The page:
So, it’s a long Memorial Day weekend, where we pause to remember the armed service members who have died in service to our country. For many of us, that means a long weekend. For us, it means we were a little busier than normal. Either way, Saurian Sunday has drifted into Monday, and we’re playing a little bit of catch-up. Honestly, a lot has happened since we last posted here. And our Saurian Sunday feature was chosen as kind of an obscure set of clues. We mentioned recently that T.rex Road Trip’s World Headquarters had relocated to southern Colorado. That was intended to be a temporary stop, but it has accidentally turned permanent. Not that I am sad.
My home base here in Colorado puts me right in the center of most everything that I love. I am working again, in my preferred industry. There’s an abundance of scenery, plenty of outdoorsy things to do, and enough fodder to keep this blog running for a long time to come. Rich fossil beds lie just a few miles north of my house. And while they still yield amazing discoveries today, the quarries around the Garden Park area are most notorious as one of the epicenters of the vaunted “Bone Wars” of the 1870s, in which rival dinosaur researchers O.C. Marsh and E.D. Cope ruthlessly fought in a race to collect and name new species. It was a fierce competition that frequently eschewed scientific conventions in favor of one-upmanship, and financially ruined both men. There was no love lost between the two, and open violence between the two teams was frequent, as was such unimaginable (in scientific perspective) atrocities as dynamiting quarries to prevent rival teams from making discoveries after they had been left.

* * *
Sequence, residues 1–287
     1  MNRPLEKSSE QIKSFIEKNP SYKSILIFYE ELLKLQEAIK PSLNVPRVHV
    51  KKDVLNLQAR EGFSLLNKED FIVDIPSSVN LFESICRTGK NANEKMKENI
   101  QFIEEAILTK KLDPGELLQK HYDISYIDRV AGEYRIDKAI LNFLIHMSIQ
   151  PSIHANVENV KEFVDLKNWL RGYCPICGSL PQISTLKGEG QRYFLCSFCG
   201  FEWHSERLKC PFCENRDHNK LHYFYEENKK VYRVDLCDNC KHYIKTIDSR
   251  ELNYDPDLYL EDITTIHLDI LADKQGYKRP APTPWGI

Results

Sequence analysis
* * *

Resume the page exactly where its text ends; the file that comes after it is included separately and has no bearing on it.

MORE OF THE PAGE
We’ll have plenty of opportunities to explore the Bone Wars in more detail later on down the road. But I wanted to celebrate my bridge from California to Colorado with the connect the dots picture above. It was taken in early 2017, during my last visit to the Los Angeles County Museum of Natural History. It’s quite a mount, with a Stegosaurus taking a defensive posture against an aggressive Allosaurus. Though it would seem bleak, our plant eater is no slouch, and has his spiked tail poised to strike when the need arises.
Colorado’s official state dinosaur is Stegosaurus armatus, but like the Bone Wars themselves, the validity of S. armatus is somewhat confused. The type specimen was discovered in Garden Park in 1877, but the bones found - as well as the 30 other specimens referred to the species - are extremely fragmentary in nature. Paleontologist Susannah Maidment and co-authors B. Norman, P. M. Barrett, and P. Upchurch published the paper “Systematics and phylogeny of Stegosauria (Dinosauria: Ornithischia)” in the Journal of Systematic Palaeontology in 2008. There, following up on earlier work, they suggested condensing S. stenops and S. ungulatus with S. armatus. In 2015, they revised their findings and recognized S. armatus as a nominem dubium, or potentially invalid species name.
There’s plenty more to this story, and we’ll be talking about Stegosaurs a lot more in the future. But I figured this was a great way for California to symbolically hand off the baton, so to speak, as TrRT begins a new chapter in Colorado.